that once was prevalent among the ancients called anarchy.

For the first time in my life I found my sentiments arraying
themselves against custom, tradition, and even government.
The wave of rebellion swept over me in an instant, beginning
with an heretical doubt as to the sanctity of the
established order of things--that fetish which has ruled
Pan-Americans for two centuries, and which is based upon a
blind faith in the infallibility of the prescience of the
long-dead framers of the articles of Pan-American
federation--and ending in an adamantine determination to
defend my honor and my life to the last ditch against the
blind and senseless regulation which assumed the synonymity
of misfortune and treason.

I would replace the destroyed instruments upon the bridge;
every officer and man should know when we crossed thirty.
But then I should assert the spirit which dominated me, I
should resist arrest, and insist upon bringing my ship back
across the dead line, remaining at my post until we had
reached New York. Then I should make a full report, and
with it a demand upon public opinion that the dead lines be
wiped forever from the seas.

I knew that I was right. I knew that no more loyal officer
wore the uniform of the navy. I knew that I was a good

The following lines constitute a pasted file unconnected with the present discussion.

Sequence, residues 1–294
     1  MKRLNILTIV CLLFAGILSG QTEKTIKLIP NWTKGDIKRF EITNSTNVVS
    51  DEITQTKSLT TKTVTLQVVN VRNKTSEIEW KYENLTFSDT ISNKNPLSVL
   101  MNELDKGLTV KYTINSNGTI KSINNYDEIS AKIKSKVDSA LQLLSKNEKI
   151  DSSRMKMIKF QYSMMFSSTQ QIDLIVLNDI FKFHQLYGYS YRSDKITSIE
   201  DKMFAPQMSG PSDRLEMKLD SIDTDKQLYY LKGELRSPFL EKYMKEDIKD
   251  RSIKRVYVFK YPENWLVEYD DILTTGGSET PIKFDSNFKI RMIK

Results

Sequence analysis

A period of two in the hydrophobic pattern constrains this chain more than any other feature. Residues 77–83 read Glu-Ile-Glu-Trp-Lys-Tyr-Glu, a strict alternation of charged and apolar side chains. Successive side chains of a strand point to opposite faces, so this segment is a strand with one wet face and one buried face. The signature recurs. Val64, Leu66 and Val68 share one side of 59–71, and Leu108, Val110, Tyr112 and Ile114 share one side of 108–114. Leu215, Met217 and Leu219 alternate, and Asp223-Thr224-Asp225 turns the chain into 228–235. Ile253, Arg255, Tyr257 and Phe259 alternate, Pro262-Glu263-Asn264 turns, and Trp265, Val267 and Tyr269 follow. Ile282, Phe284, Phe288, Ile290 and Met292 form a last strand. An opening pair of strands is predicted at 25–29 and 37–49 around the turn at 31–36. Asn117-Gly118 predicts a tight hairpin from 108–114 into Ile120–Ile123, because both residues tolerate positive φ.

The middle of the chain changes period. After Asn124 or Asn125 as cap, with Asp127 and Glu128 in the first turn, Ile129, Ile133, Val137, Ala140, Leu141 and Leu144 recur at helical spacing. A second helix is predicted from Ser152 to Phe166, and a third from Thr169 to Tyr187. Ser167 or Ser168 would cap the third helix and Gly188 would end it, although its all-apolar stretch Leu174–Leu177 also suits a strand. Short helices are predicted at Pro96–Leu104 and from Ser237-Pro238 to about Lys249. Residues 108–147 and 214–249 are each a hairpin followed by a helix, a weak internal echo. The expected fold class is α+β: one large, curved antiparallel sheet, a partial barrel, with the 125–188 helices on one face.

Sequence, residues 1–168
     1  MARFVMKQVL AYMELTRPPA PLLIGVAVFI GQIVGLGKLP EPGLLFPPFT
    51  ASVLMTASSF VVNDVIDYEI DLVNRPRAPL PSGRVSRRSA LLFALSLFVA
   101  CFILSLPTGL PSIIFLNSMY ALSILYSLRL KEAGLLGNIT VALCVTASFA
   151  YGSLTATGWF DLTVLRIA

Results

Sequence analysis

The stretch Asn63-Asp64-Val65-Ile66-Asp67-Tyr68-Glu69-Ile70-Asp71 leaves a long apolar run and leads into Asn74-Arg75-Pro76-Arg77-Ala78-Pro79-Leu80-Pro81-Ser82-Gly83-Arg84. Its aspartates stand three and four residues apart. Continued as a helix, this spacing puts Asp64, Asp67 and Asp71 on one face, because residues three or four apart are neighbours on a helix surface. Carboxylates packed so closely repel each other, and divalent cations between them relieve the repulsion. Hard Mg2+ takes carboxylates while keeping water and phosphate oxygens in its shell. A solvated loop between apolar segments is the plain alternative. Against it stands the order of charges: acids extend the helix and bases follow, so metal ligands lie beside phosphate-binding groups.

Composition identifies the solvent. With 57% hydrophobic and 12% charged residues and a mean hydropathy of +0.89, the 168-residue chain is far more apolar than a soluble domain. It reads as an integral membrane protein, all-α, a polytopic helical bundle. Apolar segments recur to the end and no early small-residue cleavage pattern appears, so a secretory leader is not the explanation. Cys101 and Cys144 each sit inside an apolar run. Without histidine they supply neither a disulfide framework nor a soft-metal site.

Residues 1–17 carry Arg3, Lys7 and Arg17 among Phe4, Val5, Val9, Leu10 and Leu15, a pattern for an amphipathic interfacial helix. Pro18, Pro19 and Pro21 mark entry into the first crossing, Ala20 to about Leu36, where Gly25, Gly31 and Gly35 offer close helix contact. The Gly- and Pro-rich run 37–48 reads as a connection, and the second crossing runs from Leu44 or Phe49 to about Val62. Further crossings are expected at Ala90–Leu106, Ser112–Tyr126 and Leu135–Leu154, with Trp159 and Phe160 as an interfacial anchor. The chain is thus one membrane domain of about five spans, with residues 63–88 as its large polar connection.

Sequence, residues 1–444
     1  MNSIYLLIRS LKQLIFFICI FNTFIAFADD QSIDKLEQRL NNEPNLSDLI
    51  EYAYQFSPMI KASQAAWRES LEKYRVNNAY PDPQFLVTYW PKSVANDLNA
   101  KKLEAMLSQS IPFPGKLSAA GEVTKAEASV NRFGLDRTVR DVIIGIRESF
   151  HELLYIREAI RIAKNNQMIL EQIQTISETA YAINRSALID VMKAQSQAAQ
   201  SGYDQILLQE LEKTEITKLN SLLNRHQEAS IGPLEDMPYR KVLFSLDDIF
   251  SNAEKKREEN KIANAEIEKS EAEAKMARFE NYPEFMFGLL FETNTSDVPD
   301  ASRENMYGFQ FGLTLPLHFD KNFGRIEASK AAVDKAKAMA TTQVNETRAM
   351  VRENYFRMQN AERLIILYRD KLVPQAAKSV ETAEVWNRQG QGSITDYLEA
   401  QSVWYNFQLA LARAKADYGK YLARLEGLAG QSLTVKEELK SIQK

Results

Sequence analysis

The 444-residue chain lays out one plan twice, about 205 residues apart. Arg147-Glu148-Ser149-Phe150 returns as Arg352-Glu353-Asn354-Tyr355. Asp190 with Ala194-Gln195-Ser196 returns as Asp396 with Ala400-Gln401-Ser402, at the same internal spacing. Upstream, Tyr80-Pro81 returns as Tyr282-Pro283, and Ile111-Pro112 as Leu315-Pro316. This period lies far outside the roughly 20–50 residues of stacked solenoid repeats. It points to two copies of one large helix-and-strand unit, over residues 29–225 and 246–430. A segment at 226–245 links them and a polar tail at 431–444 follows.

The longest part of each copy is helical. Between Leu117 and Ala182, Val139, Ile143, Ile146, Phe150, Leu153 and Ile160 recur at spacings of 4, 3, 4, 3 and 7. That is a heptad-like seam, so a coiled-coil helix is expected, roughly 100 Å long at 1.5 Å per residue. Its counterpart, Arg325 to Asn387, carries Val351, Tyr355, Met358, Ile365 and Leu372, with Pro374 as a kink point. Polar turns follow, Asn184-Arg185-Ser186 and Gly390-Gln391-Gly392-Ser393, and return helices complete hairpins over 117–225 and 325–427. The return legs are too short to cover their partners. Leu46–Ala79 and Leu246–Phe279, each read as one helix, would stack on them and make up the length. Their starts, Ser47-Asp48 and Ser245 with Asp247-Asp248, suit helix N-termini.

officer and sailor, and I didn't propose submitting to
degradation and discharge because a lot of old, preglacial
fossils had declared over two hundred years before that no
man should cross thirty.

Even while these thoughts were passing through my mind I was
busy with the details of my duties. I had seen to it that a
sea anchor was rigged, and even now the men had completed
their task, and the Coldwater was swinging around rapidly,
her nose pointing once more into the wind, and the frightful
rolling consequent upon her wallowing in the trough was
happily diminishing.

It was then that Johnson came hurrying to the bridge. One
of his eyes was swollen and already darkening, and his lip
was cut and bleeding. Without even the formality of a
salute, he burst upon me, white with fury.

"Lieutenant Alvarez attacked me!" he cried. "I demand that
he be placed under arrest. I found him in the act of
destroying the reserve instruments, and when I would have
interfered to protect them he fell upon me and beat me. I
demand that you arrest him!"

"You forget yourself, Mr. Johnson," I said. "You are not in
command of the ship. I deplore the action of Lieutenant
Alvarez, but I cannot expunge from my mind the loyalty and
self-sacrificing friendship which has prompted him to his
acts. Were I you, sir, I should profit by the example he
has set. Further, Mr. Johnson, I intend retaining command
of the ship, even though she crosses thirty, and I shall
demand implicit obedience from every officer and man aboard
until I am properly relieved from duty by a superior officer
in the port of New York."

"You mean to say that you will cross thirty without